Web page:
This year, in the Buckingham household, we have begun what I hope will become a tradition.
No, it isn’t considered a “tradition” to avoid burning down the house—that is more of a rule inscribed on the third tablet that Moses dropped and broke by mistake. Take from that what you will.
At any rate, last year, on January first, Stij and I each put an empty Mason jar on our respective desks. It was our job, when something terrific happened all during the year, to write it down on a scrap of paper and put it in the jar. On New Year’s Eve, we will open up the jars and read the contents aloud as a way of expressing our gratitude for the good things life has brought us during the previous year.
We decided to open them a day or two early on this, the inaugural year. Here’s how it went:
“Okay, who goes first?”
“I will,” Stij said, fishing out a piece of paper. He read, “Had the fire extinguishers recharged.”
“And that’s a terrific thing from last year?”
“Remember the pot roast?”
“Oh…right. Okay, my turn.” I unfolded my paper. “Made pot roast.”
“Well, I guess that’s a wash. ‘Bought a new ride-on mower.’”
“You sure pick some odd things to put in your jar. ‘Drove ride-on mower through neighbor’s prize-winning Petunia bed.’”
“Talk about me! How is that a great thing?”
“It got you that new ride-on mower you wanted, didn’t it?”
Stij shook his head as if trying to clear water from his ears. “Remodeled living room.”
I opened my slip of paper. “Saved the bric-a-brac by setting fire to a giant homemade loaf of bread that attacked the living room.”
“Remodeled the kitchen.”
“Remind me of why you had to do that."
“Oh…right. But the salad was good, as I remember.”
“You have the memory of a dead elephant. The ‘salad,’ as you so laughingly call it had a homemade dressing on it that ate through an anodized aluminum bowl AND the counter top—and it takes a lot to eat through granite in three-and-a-half seconds. Have you ever considered a career in munitions?”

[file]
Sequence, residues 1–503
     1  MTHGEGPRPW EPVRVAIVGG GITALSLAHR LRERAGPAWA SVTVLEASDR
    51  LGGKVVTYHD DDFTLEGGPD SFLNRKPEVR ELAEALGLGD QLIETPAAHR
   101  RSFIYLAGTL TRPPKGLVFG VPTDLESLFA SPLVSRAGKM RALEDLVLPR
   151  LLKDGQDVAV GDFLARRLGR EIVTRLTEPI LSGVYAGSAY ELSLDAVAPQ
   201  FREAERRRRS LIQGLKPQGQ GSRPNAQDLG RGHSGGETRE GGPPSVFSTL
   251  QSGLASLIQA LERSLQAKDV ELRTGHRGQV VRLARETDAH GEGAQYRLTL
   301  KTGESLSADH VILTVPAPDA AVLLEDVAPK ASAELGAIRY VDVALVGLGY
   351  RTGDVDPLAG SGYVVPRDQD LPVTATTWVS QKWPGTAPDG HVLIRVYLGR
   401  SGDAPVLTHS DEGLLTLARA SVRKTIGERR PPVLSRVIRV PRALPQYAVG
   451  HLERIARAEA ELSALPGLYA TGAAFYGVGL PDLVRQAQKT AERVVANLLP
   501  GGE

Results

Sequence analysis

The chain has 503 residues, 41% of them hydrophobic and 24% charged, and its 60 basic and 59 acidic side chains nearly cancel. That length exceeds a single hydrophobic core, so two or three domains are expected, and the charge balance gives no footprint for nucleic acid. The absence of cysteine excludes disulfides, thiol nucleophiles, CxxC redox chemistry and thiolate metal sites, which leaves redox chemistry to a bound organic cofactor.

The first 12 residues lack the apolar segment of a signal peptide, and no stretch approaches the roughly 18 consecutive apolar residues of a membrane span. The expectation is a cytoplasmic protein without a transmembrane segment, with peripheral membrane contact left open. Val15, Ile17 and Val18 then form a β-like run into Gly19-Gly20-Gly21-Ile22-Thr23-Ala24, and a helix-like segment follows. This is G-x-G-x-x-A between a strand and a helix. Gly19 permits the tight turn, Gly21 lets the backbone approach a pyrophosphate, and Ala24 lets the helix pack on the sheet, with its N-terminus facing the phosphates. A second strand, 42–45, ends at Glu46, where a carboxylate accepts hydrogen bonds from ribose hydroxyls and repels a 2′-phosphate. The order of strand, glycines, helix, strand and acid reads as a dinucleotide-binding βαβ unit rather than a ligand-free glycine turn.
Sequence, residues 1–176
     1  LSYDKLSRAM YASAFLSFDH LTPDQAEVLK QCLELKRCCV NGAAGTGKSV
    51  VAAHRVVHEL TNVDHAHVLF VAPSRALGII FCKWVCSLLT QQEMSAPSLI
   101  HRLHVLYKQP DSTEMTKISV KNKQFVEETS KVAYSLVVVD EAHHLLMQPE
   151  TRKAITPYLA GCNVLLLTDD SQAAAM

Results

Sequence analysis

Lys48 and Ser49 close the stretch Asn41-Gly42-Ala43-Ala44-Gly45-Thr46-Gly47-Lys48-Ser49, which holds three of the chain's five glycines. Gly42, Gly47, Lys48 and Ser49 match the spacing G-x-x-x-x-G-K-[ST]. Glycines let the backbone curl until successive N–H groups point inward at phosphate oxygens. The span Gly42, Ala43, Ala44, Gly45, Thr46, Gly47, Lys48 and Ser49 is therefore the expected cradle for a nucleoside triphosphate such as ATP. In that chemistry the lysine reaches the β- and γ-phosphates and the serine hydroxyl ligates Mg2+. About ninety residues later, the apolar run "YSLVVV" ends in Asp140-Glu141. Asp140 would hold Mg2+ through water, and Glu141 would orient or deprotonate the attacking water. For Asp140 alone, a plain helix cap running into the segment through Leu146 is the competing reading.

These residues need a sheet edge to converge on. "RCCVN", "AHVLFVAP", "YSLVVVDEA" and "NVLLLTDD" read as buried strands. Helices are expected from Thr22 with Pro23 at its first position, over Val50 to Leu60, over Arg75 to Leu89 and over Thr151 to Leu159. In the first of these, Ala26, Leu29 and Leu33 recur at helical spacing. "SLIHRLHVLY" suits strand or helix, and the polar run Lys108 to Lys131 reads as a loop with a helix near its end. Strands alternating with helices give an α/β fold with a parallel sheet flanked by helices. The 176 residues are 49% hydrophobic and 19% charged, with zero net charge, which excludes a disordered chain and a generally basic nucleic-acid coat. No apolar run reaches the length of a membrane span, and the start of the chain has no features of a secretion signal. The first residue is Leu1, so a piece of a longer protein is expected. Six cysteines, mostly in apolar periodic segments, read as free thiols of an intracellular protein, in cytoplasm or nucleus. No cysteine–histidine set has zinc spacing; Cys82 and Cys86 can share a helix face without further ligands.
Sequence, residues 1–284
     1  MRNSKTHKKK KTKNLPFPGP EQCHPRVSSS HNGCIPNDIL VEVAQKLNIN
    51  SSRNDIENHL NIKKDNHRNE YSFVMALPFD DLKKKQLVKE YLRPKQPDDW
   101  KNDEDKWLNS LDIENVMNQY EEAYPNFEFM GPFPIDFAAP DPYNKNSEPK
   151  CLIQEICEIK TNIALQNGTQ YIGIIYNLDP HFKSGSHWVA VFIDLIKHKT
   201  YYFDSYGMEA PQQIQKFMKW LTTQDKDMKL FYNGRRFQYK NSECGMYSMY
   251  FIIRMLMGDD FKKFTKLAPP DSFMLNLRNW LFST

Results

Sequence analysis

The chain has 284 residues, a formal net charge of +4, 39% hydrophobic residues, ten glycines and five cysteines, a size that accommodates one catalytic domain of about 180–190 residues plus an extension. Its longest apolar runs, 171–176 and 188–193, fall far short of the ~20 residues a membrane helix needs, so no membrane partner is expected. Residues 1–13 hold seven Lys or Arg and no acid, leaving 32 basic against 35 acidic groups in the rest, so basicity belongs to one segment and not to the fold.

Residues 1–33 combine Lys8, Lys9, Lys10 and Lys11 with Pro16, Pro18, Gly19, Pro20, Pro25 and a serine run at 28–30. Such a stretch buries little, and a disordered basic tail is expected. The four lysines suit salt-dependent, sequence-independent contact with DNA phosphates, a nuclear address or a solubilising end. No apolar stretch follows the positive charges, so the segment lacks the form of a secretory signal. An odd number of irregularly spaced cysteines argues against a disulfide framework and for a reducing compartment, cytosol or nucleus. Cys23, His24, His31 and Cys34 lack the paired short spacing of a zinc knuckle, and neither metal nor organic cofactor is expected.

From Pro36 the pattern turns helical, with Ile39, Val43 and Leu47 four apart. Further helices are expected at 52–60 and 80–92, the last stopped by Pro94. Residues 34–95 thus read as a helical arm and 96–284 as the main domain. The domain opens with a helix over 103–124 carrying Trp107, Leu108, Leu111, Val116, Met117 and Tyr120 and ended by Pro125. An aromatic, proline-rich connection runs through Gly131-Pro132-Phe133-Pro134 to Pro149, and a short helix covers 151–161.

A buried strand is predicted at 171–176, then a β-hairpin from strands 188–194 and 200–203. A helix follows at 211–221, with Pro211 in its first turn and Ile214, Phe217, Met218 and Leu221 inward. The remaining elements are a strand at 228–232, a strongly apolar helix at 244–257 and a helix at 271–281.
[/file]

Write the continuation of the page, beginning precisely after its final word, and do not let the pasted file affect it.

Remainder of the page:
“Tee hee. Here’s mine, ‘Created a lasagne that looked exactly like the photograph in the cookbook—before exploding.’”
“Five seconds of pride followed by three seconds of mayhem and two-and-a-half months of work.”
“Okay, smart guy, let’s hear another one of yours, then.”
“Okay. ‘Installed steel counter top on kitchen island.’”
“Didn’t that come under the kitchen remodel?”
“No that was later on when your chocolate chip cookies melted the previous one.”
“Oh…right. Here’s one of mine: ‘Feeding the birds.’”
“Here’s mine: ‘Shoveling up and disposing of 300 bird carcasses after you ‘kindly’ fed them the bird seed balls you made and hung from the trees.’”
“Oh, come on.”
“’Come on,’ nothing! To this day, Ziplock has no idea that they actually make body bags. I still don’t know how you could screw up birdseed balls..”
“Well, the recipe called for suet, which I didn’t have and had no idea where to get, so I got creative and used Gorilla Glue instead.”
“Got creative? Got homicidal, you mean. If I hadn’t gotten rid of those bodies pronto, PETA would have burned you in effigy. It’s as close as I ever want to get to feeling like a mob clean-up man.”
This was not turning out to be the uplifting exercise I had originally envisioned.
“Okay, okay! I see that you have one left—let’s hear it.”
He unfolded the last slip. “‘I love being married to my wife because there is never a dull moment.’”
“Funny, my last slip says the same thing about you,” I said.
Just goes to show you that the couple that cooks and rebuilds together stays together.